“Tawara’reven?” the head Twi’lek guard said gruffly, gesturing at Tawara. “Come.” He said it curtly, with no explanation.
Tawara glanced back at Qui-Gon and Obi-Wan as he moved forward, and simply nodded his farewell, knowing that anything else would be harshly punished by the guards.
Obi-Wan’s shoulder under Qui-Gon’s hand was tense, and even without trying, Qui-Gon could Obi-Wan’s upset emotions spilling over, out of control. But the boy remained still, body as tight as a taut rope. He had evidently realized what Qui-Gon had, and as Qui-Gon eyed him, he thought briefly, a random thought in his mind, A child, but a growing one.
The guards took Tawara by the arms roughly, and led him away. Then the cell door slammed shut, and the two Jedi were alone.
Obi-Wan exhaled harshly. “They’re going to kill him,” he whispered, and slumped.
Qui-Gon let go of Obi-Wan’s shoulder, and instead brought his arm around the boy. “Yes, most likely,” he replied calmly. He sat down, and silently encouraged Obi-Wan to join him. His Padawan did, but he sat facing Qui-Gon, instead of with him. He brought his knees up, as well, and put his arms around them as he rested his chin on his knees.
Qui-Gon sat cross-legged, patient. Obi-Wan was not crying, he noted, though distress showed in his face. Qui-Gon gently touched Obi-Wan’s mind through their bond, and felt along with grief, a sense of outrage and hurt. Qui-Gon waited, saying nothing, letting Obi-Wan work through his thoughts and emotions. Obi-Wan would speak when he felt ready.
It was more than an hour later when Obi-Wan finally spoke. He had meditated, calming himself and letting the emotions riding through him haphazardly, and then finally releasing them entirely. Now he looked simply . . . drained. He was standing, as he had been pacing before. When he finally stopped, Qui-Gon had looked up to see that Obi-Wan had aged.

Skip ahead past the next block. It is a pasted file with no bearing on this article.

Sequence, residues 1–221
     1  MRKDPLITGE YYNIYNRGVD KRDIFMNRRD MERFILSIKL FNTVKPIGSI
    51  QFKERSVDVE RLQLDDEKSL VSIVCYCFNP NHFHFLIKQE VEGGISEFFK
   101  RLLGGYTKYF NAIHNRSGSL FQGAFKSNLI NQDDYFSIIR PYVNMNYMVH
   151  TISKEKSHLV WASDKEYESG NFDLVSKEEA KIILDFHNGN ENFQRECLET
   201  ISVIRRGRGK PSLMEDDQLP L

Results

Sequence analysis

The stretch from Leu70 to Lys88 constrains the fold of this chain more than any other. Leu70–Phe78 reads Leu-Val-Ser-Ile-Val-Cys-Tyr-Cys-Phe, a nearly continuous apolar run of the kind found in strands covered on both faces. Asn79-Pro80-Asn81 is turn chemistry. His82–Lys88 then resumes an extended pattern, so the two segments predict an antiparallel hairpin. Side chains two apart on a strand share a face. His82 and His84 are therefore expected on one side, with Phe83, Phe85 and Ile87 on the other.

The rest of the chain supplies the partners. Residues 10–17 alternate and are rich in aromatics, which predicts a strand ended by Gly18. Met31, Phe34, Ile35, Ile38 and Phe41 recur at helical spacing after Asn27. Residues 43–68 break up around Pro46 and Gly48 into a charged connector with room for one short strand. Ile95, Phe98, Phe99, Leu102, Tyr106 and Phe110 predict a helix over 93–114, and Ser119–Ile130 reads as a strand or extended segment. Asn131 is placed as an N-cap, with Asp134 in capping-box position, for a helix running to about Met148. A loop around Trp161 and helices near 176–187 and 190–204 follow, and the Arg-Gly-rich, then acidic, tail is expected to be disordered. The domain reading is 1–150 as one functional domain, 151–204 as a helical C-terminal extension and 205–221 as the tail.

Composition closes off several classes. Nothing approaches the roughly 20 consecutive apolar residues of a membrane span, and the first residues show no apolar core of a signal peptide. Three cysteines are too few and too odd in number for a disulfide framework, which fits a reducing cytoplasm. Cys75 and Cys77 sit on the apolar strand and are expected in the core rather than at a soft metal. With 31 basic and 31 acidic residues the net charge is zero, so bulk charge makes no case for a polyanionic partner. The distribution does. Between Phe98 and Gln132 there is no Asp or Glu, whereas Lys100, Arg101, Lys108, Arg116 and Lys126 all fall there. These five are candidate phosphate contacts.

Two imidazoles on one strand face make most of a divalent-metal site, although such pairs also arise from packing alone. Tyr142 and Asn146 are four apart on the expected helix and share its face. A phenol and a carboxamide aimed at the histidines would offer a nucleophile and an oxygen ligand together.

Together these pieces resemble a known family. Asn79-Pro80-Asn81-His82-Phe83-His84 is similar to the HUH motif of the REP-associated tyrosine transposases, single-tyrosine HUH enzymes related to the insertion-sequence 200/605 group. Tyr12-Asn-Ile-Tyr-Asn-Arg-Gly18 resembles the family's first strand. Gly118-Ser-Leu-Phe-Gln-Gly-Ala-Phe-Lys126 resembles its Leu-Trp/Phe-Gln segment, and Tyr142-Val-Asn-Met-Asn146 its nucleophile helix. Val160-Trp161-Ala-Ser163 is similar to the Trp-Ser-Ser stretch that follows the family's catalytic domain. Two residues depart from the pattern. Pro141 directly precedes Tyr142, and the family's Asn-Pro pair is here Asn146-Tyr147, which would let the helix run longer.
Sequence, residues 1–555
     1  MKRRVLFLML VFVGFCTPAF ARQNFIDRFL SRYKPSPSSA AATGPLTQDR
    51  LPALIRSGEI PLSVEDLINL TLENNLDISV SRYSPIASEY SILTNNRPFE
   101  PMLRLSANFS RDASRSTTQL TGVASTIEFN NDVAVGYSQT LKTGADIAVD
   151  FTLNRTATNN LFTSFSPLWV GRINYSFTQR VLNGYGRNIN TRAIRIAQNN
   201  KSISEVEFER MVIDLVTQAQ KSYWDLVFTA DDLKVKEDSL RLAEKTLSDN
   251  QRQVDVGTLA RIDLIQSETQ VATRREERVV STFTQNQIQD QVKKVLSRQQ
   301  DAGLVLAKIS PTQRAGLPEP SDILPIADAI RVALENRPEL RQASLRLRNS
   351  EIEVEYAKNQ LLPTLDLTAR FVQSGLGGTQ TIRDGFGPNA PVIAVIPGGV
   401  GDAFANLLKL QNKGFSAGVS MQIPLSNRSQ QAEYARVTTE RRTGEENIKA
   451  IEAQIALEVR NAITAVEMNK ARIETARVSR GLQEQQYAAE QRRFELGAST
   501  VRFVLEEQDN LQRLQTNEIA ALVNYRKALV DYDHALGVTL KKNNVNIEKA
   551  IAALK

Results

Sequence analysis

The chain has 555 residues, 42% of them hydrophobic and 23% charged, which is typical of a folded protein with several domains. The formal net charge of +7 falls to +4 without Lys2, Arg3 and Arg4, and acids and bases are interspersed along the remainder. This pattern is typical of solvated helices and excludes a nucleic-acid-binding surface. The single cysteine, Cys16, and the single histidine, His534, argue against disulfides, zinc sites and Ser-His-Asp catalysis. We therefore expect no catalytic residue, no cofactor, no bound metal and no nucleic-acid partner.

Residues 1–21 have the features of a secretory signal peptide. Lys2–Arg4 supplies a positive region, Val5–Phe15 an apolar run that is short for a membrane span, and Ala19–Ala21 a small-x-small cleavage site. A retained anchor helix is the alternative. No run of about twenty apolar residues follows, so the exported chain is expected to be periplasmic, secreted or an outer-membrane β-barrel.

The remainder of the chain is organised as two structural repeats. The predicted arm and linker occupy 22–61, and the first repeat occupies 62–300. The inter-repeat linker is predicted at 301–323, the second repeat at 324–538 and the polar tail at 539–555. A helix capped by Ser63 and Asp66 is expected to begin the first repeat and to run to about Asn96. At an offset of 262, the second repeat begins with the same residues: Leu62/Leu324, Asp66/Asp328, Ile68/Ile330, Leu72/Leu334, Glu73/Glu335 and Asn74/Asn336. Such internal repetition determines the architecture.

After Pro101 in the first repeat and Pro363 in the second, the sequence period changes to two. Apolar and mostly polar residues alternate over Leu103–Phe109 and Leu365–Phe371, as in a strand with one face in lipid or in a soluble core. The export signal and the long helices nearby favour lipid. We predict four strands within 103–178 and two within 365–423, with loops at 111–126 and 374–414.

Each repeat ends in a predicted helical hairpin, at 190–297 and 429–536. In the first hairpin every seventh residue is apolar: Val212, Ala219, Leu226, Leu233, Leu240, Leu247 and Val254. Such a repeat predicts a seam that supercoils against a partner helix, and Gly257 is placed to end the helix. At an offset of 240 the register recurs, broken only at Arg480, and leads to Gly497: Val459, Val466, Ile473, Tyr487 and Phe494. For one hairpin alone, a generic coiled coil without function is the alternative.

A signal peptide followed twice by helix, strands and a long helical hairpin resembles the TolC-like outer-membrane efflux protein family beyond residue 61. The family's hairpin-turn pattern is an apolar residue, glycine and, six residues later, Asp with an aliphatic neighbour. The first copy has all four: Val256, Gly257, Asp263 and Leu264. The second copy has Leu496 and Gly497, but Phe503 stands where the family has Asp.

“How can they?” Obi-Wan asked finally, gesturing loosely at the cell door and referring to the guards. Qui-Gon kept his eyes on Obi-Wan. His Padawan understood; the question, the grief, were merely the last remnants of his lack of innocence and damning lack of knowledge. “Don’t they see it will only lead to more death and suffering?” he continued, speaking more in general now.
Qui-Gon held out his hands. Obi-Wan turned to him and nearly fell into a sitting position, taking Qui-Gon’s hands. Qui-Gon touched their bond fully at last, nearly pushing his calm and acceptance into Obi-Wan’s mind. Obi-Wan let it within him gratefully, able to experience his Master’s peace even if he had none of his own. It was a support for the boy, and Qui-Gon knew that. And he did it not only for duty, but also because of his love for Obi-Wan.
“Be at peace,” Qui-Gon said. “I know this is not an easy thing for you to accept. But people are flawed, Obi-Wan, as we are all flawed without exception. We can merely seek to strive beyond those flaws, and to handle the consequence so our flaws. That is what the Twi’leks here will have to do, and it is what we must do every day, as Jedi.”
Obi-Wan nodded, tears spilling free at last. Qui-Gon brushed a few aside. They were not heavy tears, and left little more than glistening tracks.
“I am here for you, Obi-Wan,” Qui-Gon said in a low, yet urgent tone. “Do not forget that. I am here to support you as well as to teach you. These lessons are difficult, my Padawan, but they must be learned, especially by Jedi. They are learned by every adult who truly sees the galaxy. Do not hate the Twi’leks on this planet. Feel compassion for them, even as you note the wrongness of their actions, or lack thereof. They will learn the truth, even at a great cost. But such is the way of things.”
Qui-Gon then softened his tone, becoming gentle and less commanding. His Padawan needed to accept and not deny, yes, but he also needed support to get through such a stark realization of evil in the galaxy. “I do regret you learned this so soon. You know how I am – I do not often accept the wisdom of the Council. I was not sure you were ready, but you were, my Obi-Wan. You are even more than I grant you; and that is a great deal.”
“Thank you, Master,” Obi-Wan choked out. “Master, I know it is not yet night –“ and he glanced outside – “but may I . . . ?”